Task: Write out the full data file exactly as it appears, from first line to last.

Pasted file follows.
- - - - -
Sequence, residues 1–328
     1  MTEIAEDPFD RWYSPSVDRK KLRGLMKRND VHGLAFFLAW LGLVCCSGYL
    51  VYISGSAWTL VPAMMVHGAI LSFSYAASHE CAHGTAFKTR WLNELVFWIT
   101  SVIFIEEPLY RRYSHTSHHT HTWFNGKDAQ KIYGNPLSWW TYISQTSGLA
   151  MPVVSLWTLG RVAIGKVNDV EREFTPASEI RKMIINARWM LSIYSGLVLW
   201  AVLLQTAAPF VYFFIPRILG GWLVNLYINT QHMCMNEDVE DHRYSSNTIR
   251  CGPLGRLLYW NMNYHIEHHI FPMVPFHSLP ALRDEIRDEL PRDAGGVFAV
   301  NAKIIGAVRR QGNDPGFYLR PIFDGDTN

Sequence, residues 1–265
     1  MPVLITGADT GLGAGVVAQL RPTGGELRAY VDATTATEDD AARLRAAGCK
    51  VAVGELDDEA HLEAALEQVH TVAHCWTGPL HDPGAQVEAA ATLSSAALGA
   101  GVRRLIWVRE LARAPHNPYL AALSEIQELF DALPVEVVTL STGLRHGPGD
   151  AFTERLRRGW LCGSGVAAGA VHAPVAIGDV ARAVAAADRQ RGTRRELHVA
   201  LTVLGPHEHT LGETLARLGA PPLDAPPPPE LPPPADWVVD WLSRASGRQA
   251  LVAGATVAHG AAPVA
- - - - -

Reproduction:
Sequence, residues 1–328
     1  MTEIAEDPFD RWYSPSVDRK KLRGLMKRND VHGLAFFLAW LGLVCCSGYL
    51  VYISGSAWTL VPAMMVHGAI LSFSYAASHE CAHGTAFKTR WLNELVFWIT
   101  SVIFIEEPLY RRYSHTSHHT HTWFNGKDAQ KIYGNPLSWW TYISQTSGLA
   151  MPVVSLWTLG RVAIGKVNDV EREFTPASEI RKMIINARWM LSIYSGLVLW
   201  AVLLQTAAPF VYFFIPRILG GWLVNLYINT QHMCMNEDVE DHRYSSNTIR
   251  CGPLGRLLYW NMNYHIEHHI FPMVPFHSLP ALRDEIRDEL PRDAGGVFAV
   301  NAKIIGAVRR QGNDPGFYLR PIFDGDTN

Sequence, residues 1–265
     1  MPVLITGADT GLGAGVVAQL RPTGGELRAY VDATTATEDD AARLRAAGCK
    51  VAVGELDDEA HLEAALEQVH TVAHCWTGPL HDPGAQVEAA ATLSSAALGA
   101  GVRRLIWVRE LARAPHNPYL AALSEIQELF DALPVEVVTL STGLRHGPGD
   151  AFTERLRRGW LCGSGVAAGA VHAPVAIGDV ARAVAAADRQ RGTRRELHVA
   201  LTVLGPHEHT LGETLARLGA PPLDAPPPPE LPPPADWVVD WLSRASGRQA
   251  LVAGATVAHG AAPVA